National Center on Sexual Behavior of Youth Fact Sheet

National Center on Sexual Behavior of Youth Fact Sheet

Sexual Development and Sexual Behavior Problems in Children Ages 2-12
This Fact Sheet provides basic information about sexual development and problematic sexual behavior in children ages 2-12. This information is important for parents and professionals who work with or provide services to children such as teachers, physicians, child welfare personnel, daycare providers, and mental health professionals. Understanding children’s typical sexual development, knowledge, and behavior is necessary to accurately identify sexual behavior problems in children. Guidelines to distinguish typical sexual behaviors from problematic sexual behaviors are described below.

Research on sexual behavior of children ages 2 to 12 has documented that:

  • sexual responses are present from birth; 1
  • a wide range of sexual behaviors for this age range are normal and non-problematic; 1, 2
  • increasing numbers of school age children are being identified with inappropriate or aggressive sexual behavior;3 it is not clear if this increase reflects an increase in the actual number of cases or an increase in identification and reporting;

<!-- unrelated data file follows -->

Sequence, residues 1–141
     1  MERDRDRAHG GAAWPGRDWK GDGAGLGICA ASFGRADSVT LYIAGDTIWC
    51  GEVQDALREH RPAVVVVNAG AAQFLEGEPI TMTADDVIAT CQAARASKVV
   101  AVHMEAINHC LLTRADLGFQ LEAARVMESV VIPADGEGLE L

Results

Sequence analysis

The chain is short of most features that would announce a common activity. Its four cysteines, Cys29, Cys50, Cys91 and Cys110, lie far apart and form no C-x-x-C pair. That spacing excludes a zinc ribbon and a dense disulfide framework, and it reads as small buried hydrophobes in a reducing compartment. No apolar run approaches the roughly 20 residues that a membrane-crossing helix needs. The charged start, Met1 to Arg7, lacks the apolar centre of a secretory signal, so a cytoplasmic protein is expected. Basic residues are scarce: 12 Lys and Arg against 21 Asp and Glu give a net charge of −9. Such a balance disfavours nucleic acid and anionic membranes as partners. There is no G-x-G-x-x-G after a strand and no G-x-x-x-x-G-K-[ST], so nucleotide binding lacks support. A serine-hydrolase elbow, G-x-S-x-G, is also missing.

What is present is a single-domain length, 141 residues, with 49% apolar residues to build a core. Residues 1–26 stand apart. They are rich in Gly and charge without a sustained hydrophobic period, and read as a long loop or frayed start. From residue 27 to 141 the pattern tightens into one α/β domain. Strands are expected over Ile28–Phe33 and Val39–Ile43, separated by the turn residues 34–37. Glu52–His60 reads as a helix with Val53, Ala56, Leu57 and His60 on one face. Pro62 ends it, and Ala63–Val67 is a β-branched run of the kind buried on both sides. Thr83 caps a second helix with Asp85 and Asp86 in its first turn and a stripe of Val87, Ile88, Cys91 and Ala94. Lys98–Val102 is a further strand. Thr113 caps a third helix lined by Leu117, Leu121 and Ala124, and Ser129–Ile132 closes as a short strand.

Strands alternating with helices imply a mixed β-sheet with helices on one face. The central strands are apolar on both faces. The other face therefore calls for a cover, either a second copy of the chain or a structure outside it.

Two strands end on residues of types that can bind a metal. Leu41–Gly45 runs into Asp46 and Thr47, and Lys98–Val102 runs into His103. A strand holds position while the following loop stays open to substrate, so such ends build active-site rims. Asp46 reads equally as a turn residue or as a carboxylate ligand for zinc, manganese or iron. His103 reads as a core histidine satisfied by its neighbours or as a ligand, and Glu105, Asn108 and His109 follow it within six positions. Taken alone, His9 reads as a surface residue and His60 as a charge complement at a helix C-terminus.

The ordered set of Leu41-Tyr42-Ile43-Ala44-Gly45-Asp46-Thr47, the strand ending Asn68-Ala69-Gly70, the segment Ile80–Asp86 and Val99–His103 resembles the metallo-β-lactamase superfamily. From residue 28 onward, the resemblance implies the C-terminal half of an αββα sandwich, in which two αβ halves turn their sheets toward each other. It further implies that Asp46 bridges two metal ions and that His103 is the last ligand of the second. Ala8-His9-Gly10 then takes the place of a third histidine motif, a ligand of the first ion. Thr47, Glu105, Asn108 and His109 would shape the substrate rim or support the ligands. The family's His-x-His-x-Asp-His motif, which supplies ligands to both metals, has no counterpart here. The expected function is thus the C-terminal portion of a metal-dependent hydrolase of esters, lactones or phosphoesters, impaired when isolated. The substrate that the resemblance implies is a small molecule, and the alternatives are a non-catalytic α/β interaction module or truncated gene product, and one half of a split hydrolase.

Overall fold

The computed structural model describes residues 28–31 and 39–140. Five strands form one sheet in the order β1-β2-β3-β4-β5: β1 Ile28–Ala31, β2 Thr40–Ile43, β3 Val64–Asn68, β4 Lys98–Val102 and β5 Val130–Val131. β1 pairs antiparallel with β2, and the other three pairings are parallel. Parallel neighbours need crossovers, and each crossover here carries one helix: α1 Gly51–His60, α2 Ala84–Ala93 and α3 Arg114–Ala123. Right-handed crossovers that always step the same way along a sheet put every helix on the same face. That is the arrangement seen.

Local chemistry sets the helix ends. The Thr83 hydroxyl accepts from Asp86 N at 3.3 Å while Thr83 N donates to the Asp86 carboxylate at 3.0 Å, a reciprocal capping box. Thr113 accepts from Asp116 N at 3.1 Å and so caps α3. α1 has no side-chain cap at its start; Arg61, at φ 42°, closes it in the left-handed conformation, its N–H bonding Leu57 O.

• several treatment interventions have been found to be effective in reducing problematic sexual behavior in children, such as cognitive behavioral group treatment;4, 5 and
  • sexual development and behavior are influenced by social, familial, and cultural factors, as well as genetics and biology.7

Typical sexual knowledge of children age 2 to 6 years old:

  • understand that boys and girls have different private parts;
  • know labels for sexual body parts, but use slang words such as weenie for penis; and
  • have limited information about pregnancy and childbirth.